29 May 2023

Commentary: 2022 U.S. Women's Championship, Round 6 (Foisor - Lee)

I continue my examination of the last U.S. Women's Championship - after something of a break - with the round 6 game between Sabina Foisor and Megan Lee. Foisor managed to have two Whites in a row and opened the same way both times for the first three moves. However, instead of again heading for a "Slow Slav" by transposition as in round 5, she chooses to continue with a Colle System setup. The opening seems a bit of a mishmash, as it's not a true Colle-Zukertort, and Black has some chances to play more aggressively in Stonewall fashion. However, by move 10 White has achieved a pleasant game against a more cramped-looking Black.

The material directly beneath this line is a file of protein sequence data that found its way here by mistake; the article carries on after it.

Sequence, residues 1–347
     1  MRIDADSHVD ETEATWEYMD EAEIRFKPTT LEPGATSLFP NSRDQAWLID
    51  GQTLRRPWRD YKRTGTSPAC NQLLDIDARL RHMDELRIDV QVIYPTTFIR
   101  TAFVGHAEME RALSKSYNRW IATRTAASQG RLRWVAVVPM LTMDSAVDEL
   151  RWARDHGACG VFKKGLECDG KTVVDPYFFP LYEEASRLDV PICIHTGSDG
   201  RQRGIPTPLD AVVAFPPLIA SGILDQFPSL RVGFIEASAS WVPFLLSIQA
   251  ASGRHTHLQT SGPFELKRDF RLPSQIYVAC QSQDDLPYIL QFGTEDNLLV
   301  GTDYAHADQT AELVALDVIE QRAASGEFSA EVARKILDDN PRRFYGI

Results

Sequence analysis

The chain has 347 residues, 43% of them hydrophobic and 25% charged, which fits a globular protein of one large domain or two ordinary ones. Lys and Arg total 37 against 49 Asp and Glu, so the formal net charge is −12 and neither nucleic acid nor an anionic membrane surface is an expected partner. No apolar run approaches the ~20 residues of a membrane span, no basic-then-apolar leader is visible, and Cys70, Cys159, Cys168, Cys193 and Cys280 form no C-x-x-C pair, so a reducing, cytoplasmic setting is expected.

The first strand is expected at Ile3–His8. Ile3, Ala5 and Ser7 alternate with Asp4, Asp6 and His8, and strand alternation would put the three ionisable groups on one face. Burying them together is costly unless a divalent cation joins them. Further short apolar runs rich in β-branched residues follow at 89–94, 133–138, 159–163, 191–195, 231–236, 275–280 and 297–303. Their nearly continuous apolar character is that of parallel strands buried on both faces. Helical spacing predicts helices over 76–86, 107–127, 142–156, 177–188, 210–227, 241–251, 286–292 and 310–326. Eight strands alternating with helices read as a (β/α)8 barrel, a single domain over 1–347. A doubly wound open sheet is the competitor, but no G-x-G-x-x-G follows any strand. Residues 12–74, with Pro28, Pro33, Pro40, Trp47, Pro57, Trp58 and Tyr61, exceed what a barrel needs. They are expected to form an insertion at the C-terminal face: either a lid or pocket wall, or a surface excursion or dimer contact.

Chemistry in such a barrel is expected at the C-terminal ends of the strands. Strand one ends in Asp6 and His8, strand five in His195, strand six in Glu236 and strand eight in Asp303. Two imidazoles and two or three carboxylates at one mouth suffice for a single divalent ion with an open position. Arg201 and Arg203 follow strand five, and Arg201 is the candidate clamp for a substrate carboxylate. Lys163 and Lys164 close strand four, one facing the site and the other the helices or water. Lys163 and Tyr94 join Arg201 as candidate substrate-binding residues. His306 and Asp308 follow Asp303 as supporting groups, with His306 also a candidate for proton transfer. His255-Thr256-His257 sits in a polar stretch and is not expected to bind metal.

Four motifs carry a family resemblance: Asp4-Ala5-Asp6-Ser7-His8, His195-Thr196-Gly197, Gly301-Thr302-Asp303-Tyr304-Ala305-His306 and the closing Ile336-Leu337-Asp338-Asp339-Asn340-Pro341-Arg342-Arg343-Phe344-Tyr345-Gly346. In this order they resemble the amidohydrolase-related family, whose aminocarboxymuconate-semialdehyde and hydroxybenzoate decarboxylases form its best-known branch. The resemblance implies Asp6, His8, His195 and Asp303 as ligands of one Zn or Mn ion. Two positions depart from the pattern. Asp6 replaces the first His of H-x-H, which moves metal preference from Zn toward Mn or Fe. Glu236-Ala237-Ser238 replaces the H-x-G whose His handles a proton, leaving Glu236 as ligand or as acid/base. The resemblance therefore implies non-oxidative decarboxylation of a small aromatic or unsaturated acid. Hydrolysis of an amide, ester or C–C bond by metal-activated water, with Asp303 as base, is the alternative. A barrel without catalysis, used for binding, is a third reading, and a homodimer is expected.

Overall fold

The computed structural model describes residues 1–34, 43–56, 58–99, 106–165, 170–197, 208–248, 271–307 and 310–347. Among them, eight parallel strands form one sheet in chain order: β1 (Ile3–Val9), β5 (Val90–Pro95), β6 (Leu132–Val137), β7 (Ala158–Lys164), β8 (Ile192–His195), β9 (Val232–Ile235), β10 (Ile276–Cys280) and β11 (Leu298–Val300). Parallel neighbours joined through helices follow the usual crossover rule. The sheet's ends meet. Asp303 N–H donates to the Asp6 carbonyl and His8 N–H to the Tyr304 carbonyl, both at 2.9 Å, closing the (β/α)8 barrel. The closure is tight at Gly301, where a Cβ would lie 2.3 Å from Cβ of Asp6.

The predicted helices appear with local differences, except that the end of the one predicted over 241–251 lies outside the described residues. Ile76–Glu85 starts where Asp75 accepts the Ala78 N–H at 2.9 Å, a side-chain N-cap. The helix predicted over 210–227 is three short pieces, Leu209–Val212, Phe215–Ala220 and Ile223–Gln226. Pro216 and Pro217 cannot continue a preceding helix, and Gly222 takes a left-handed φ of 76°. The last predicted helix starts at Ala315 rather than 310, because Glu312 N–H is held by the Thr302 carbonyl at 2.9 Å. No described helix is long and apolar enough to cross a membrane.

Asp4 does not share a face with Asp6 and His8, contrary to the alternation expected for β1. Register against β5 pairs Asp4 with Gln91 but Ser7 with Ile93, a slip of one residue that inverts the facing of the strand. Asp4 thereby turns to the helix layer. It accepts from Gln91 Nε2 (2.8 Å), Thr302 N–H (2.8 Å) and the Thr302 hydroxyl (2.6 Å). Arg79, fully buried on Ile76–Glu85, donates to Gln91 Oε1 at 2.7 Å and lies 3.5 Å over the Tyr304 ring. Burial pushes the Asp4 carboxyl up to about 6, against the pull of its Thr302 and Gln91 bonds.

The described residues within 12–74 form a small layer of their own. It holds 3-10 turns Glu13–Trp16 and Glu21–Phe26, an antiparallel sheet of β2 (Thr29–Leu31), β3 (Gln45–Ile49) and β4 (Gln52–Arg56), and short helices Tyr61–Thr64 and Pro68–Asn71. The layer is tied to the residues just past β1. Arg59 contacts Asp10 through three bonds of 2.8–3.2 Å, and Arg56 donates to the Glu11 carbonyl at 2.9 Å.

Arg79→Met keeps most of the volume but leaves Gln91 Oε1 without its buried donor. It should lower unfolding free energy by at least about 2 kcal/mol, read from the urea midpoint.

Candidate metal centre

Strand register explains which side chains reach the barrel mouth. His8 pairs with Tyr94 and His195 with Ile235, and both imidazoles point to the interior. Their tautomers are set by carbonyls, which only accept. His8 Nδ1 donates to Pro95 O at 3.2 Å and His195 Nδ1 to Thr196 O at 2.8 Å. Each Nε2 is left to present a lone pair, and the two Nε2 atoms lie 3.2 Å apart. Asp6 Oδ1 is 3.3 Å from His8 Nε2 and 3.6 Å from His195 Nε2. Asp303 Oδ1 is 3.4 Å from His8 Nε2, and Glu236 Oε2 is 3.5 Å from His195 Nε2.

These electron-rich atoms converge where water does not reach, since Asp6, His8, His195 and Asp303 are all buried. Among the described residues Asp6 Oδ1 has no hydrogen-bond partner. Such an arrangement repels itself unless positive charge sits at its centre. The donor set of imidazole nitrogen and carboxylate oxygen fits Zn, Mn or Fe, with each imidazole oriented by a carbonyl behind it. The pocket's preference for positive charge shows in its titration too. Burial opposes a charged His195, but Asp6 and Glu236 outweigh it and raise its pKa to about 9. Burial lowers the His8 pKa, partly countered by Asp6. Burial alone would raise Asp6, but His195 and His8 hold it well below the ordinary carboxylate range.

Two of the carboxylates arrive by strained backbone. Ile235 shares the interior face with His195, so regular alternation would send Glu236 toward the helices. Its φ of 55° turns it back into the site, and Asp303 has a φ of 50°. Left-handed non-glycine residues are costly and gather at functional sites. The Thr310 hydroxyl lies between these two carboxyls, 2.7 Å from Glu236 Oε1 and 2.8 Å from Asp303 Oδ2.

The early middlegame transition is where White begins going wrong, ending up more cramped for space herself and then allowing an interesting if not quite decisive tactic by Black on move 17, that gives Black the initiatve. By around move 25 White has re-established equality, but Black signals with her move choices that she is not interested in heading for a draw. It's worth following how through stubbornness and rearrangement of her pieces, Lee finally ends up in a classic and decisive Dutch-type attack on the kingside.